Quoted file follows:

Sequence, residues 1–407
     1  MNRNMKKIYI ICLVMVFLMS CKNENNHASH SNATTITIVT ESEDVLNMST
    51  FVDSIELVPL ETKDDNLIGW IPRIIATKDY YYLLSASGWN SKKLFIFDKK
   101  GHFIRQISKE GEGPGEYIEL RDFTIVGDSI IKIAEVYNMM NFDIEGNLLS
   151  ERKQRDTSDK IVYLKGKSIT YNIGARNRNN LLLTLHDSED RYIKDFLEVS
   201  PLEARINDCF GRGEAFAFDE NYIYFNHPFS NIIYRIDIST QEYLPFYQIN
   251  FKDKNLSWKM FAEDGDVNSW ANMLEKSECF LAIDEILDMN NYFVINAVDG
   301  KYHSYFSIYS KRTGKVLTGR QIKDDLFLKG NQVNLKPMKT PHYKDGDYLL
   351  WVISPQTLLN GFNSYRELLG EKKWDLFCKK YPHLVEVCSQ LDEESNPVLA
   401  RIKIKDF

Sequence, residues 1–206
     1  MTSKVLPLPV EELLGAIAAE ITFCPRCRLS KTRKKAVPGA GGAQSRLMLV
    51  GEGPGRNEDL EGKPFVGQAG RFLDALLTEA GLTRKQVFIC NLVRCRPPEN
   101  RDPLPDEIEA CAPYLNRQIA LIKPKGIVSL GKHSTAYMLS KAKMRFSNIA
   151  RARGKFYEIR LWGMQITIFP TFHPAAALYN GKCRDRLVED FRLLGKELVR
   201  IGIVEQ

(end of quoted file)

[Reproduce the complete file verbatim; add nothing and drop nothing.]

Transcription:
Sequence, residues 1–407
     1  MNRNMKKIYI ICLVMVFLMS CKNENNHASH SNATTITIVT ESEDVLNMST
    51  FVDSIELVPL ETKDDNLIGW IPRIIATKDY YYLLSASGWN SKKLFIFDKK
   101  GHFIRQISKE GEGPGEYIEL RDFTIVGDSI IKIAEVYNMM NFDIEGNLLS
   151  ERKQRDTSDK IVYLKGKSIT YNIGARNRNN LLLTLHDSED RYIKDFLEVS
   201  PLEARINDCF GRGEAFAFDE NYIYFNHPFS NIIYRIDIST QEYLPFYQIN
   251  FKDKNLSWKM FAEDGDVNSW ANMLEKSECF LAIDEILDMN NYFVINAVDG
   301  KYHSYFSIYS KRTGKVLTGR QIKDDLFLKG NQVNLKPMKT PHYKDGDYLL
   351  WVISPQTLLN GFNSYRELLG EKKWDLFCKK YPHLVEVCSQ LDEESNPVLA
   401  RIKIKDF

Sequence, residues 1–206
     1  MTSKVLPLPV EELLGAIAAE ITFCPRCRLS KTRKKAVPGA GGAQSRLMLV
    51  GEGPGRNEDL EGKPFVGQAG RFLDALLTEA GLTRKQVFIC NLVRCRPPEN
   101  RDPLPDEIEA CAPYLNRQIA LIKPKGIVSL GKHSTAYMLS KAKMRFSNIA
   151  RARGKFYEIR LWGMQITIFP TFHPAAALYN GKCRDRLVED FRLLGKELVR
   201  IGIVEQ